Following a move meant to bring a greener diaper to the marketplace, the maker of Pampers is now scrambling to field <"http://www.yourlawyer.com/practice_areas/product_liability">consumer complaints and faces a U.S. Consumer Product Safety Commission (CPSC) probe. Reuters reported that Pampersâ€™ Swaddlers and Cruisers diapers were updated with a material called “Dry Max” in what Procter & Gamble described as the firmâ€™s â€œbiggest diaper innovation in 25 years.â€
Since the introduction of Dry Max, some parents have reported that their children have developed diaper rashes, some appearing to be chemical burns, after using the revamped diaper products, said Reuters, which noted that Procter & Gamble said it put the revised products under broad testing. Meanwhile, the CPSC is reviewing the consumer complaints and is speaking to Procter & Gamble, according to its director of public affairs, Scott Wolfson, said Reuters.
Procter & Gamble said it provided the agency with its safety data, stands by its product, and argues that the issues are not significant, wrote Reuters. “There’s no evidence that a single baby has experienced a serious skin safety issue as a result of Dry Max,” said Bryan McCleary, a spokesman for Procter & Gamble baby care division, quoted Reuters. To illustrate, McCleary said that some 2.5 million babies in the United States experience diaper rash each day, with some 10-percent of these considered severe, noted Reuters.
â€œOur hearts go out to any mom and dad and baby that are experiencing this. We know how difficult this is. But this is Pampersâ€™ most thoroughly researched and tested new product since we invented the disposable diaper back in the 1960s,â€ added McCleary, quoted the New York Daily News.
But, according to the Daily News, parents arenâ€™t buying any of this. As a matter-of-fact, a new Facebook site has been devoted to the issue withâ€”at last count this morningâ€”over 4,000 parents joining to protest the new Cruiser and Swaddler versions. The name of the group, said Reuters, is “Pampers bring back the OLD CRUISERS/SWADDLERS.”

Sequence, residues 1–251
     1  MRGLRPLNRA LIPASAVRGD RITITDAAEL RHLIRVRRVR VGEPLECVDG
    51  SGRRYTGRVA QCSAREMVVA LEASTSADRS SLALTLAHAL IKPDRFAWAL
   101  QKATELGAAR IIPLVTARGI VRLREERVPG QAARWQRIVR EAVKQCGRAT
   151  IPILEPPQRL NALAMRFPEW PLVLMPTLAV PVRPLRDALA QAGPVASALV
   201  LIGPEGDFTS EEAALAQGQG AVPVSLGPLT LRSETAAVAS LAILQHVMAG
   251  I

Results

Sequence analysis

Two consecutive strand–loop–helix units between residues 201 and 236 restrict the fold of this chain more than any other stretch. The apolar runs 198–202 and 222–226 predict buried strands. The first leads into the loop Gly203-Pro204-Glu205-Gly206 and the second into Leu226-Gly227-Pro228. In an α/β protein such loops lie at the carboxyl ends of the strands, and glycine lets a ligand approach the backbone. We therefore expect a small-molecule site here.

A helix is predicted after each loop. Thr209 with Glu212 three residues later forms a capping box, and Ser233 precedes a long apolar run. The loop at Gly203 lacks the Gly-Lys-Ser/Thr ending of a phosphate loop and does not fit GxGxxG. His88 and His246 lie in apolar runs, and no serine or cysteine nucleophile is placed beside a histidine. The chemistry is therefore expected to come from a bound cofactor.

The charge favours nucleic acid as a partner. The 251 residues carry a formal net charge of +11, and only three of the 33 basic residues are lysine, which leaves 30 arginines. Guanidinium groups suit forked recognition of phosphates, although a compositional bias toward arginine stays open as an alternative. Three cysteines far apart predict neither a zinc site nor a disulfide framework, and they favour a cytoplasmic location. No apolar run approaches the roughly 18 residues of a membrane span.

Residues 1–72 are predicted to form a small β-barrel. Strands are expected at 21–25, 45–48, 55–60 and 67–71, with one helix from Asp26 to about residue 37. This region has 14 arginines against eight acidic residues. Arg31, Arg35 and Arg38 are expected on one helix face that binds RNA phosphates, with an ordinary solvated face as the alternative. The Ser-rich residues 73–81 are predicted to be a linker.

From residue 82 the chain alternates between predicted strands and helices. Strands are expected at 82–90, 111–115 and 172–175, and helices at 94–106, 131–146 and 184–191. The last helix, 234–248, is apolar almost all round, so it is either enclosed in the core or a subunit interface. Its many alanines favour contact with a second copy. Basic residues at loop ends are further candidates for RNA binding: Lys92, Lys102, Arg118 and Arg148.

Rosana Shah, whose daughter developed a rash after wearing the new iteration of the diaper, created the Facebook page. â€œIn December, we bought our regular Cruisers and I noticed that my daughterâ€™s skin was red and hot to the touch,â€ Shah, told ABC News, quoted the Daily News. Shah said she reached out to Pampers via its Web site, but to no avail, and decided to take her complaint up a notch by creating the page, said the Daily News.
Initially boasting only 20 members, thousands have since joined and parents have posted photographs to Facebook showing their babiesâ€™ and childrenâ€™s rashes, the Daily News reported. Pampersâ€™ corporate Facebook page has also seen increased traffic as a result of the debacle and now has over 227,000 fans, according to the Daily News.
The new diapers hit the marketâ€”without consumer knowledgeâ€”prior to the actual launch in March and were actually sold in the earlier packaging design months before the release of the new packaging, added the Daily News.